sheafrotherdon: (Default)
sheafrotherdon ([personal profile] sheafrotherdon) wrote on June 17th, 2017 at 02:07 pm
Justice on the inside.
Yesterday, I attended a workshop led by [Dr. Shakti Butler] a social justice educator and filmmaker who is absolutely luminous. She’s one of those people who is so spiritually grounded that you want to just stand around and drink in their presence, as if you’re perpetually thirsty (and I think I am, on some level). I learned so much from her, and considering Trump and Cosby and the verdict in the Philando Castile case, I wanted to share some of what she said.


Dr. Butler is at work right now on a new film about [healing and restorative justice]. She asked how many of us had seen “13” (a lot of hands went up) and said that she loved that documentary. Her film took things another step and asks what it will take to change such a charged, unethical, racist system. She showed us interviews with several men and women (and young people) of color, all of them talking about the damage that has been done to them in the name of justice.

One man asked that we the fact that the central, driving truth of slavery was that it was designed to eradicate relationships. Parents to children, lovers to one another, friend to friend – slavery was designed to break those relationships, render them unimportant, even non-existent, and did so at the end of a lash. How then, he asked, do you repair that harm? 256 years of wanton destruction aimed at the black family – what happens after that kind of abuse? A Native man made much the same point for Native people – that when the government actively steals your children, forces them to learn English, cuts their hair, burns their cultural items and clothing, it’s about eradicating Indian-ness and it’s also about severing relationships. What happens after powerful whites attempt that kind of wholesale destruction?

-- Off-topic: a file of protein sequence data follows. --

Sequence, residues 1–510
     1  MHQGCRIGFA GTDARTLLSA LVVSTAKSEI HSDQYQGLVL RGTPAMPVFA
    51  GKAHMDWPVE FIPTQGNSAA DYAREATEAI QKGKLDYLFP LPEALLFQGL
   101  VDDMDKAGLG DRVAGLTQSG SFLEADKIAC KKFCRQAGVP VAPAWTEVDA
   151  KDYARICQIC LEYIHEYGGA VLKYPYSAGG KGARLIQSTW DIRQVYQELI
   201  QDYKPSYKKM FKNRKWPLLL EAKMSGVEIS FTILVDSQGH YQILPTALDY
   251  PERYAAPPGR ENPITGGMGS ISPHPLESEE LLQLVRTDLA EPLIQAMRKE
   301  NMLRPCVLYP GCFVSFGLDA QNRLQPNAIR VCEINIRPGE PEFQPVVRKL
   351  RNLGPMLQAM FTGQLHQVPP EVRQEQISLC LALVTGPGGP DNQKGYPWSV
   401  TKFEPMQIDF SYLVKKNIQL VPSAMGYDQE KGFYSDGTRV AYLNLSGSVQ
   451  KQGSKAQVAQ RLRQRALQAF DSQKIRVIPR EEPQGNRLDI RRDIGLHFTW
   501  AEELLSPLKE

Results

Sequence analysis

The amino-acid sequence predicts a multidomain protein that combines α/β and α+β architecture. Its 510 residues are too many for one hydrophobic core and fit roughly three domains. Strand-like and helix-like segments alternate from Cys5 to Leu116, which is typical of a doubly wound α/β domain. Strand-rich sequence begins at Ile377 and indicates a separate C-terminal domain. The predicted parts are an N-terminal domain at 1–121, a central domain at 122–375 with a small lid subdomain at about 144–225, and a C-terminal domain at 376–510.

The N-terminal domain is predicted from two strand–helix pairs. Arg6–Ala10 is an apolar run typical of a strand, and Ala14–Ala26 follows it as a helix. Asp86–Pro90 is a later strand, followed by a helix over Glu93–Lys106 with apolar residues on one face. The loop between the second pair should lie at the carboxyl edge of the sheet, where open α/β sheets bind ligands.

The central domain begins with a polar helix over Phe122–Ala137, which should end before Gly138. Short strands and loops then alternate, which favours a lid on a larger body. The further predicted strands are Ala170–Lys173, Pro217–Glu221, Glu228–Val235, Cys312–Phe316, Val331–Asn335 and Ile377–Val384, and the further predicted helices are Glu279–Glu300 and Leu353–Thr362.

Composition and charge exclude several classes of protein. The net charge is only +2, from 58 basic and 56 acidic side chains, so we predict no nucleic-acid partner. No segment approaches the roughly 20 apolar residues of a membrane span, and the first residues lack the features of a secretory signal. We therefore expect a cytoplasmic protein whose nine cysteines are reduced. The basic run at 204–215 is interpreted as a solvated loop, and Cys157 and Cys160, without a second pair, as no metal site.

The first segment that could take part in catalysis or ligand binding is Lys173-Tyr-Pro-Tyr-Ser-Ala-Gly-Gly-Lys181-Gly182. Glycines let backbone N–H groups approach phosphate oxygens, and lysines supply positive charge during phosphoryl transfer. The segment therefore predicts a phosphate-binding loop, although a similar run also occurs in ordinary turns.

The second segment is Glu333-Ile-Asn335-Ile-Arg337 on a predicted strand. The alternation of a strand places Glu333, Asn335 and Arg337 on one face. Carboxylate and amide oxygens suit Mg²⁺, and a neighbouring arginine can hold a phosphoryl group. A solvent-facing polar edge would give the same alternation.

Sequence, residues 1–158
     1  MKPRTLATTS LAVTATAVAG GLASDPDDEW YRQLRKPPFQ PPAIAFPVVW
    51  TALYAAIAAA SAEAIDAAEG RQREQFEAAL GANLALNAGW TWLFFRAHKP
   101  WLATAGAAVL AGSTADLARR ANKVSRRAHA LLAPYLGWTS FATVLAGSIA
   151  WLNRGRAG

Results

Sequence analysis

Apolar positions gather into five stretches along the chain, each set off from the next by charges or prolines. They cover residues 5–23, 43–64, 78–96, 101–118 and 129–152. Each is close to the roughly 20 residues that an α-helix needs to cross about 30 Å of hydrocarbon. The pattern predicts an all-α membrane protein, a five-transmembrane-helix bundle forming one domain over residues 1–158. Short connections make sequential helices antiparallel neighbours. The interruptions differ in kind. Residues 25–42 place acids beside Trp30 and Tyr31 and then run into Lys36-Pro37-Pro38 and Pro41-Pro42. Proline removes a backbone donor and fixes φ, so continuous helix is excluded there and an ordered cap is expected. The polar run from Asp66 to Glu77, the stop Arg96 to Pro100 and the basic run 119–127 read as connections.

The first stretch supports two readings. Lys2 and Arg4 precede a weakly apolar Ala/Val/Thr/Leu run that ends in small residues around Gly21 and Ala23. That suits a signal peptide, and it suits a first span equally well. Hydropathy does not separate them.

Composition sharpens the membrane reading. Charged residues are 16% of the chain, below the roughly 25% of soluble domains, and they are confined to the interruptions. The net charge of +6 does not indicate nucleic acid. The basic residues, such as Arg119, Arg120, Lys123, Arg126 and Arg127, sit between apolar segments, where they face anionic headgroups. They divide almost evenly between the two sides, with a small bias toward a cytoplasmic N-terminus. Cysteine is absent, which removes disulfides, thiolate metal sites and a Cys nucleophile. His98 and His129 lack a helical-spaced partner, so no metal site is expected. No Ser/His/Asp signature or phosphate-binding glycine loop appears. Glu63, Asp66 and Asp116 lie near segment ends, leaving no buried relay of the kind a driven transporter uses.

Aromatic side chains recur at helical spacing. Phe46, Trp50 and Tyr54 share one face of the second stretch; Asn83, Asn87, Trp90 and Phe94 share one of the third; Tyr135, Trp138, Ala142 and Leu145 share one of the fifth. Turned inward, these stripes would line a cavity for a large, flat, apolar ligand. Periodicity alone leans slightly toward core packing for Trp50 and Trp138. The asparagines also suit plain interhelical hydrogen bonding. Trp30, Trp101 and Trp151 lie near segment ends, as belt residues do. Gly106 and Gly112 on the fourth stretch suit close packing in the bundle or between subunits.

Others took up this point and talked about what happens when you’re traumatized by violence, illuminating both the past and the present with their words. They talked about child abuse of all kinds, of lateral violence, and one woman said that someone who has grown up with trauma either turns their anger toward others, or turns it against themself. Without healing ourselves there can be no justice toward ourselves or toward others.

There was much, much more in that section – loving, big-hearted words spoken about children who see violence, are caught up in violence, who are violated. People talked about kids who “act out” in school because of internalized trauma, whom no one talks to to ask, “are you okay?” Instead those children end up in juvenile hall because someone sees their symptoms as a crime against order, and the school-to-prison pipeline begins.

This was hard stuff for me to watch. I felt it – I was the kid whom no one asked “are you okay” and I know how much trauma I drove inward to survive. I also know that because I am white and because the manifestation of my trauma sent me toward bookish perfectionism, I never ended up at the principal’s office – or, today, in many schools, the cop’s office – and I didn’t end up in the pipeline. I stopped the cycle of abuse in my own life by sheer luck on the one hand and by choosing not to have children on the other, and that hurt rose up and choked me. The whole thing cut me to the bone.

(I went to the bathroom to cry, but found it full of people peeing and waiting to pee, so I went back to the room, pep-talking myself the whole way – you can do this, pull it together, you’re fine.)

Dr. Butler asked us all to write down questions we had because of the film – questions that reflected something we had felt. Almost all of us asked a question along the lines of “how do I help” or “how do I reach these kids” or “how do I even talk to white people after this?” And in each instance that someone shared, Dr Butler asked them to turn the question around and make it about themself. Not “how do I reach these kids?” but “what do I need to do for myself? How do I heal first?”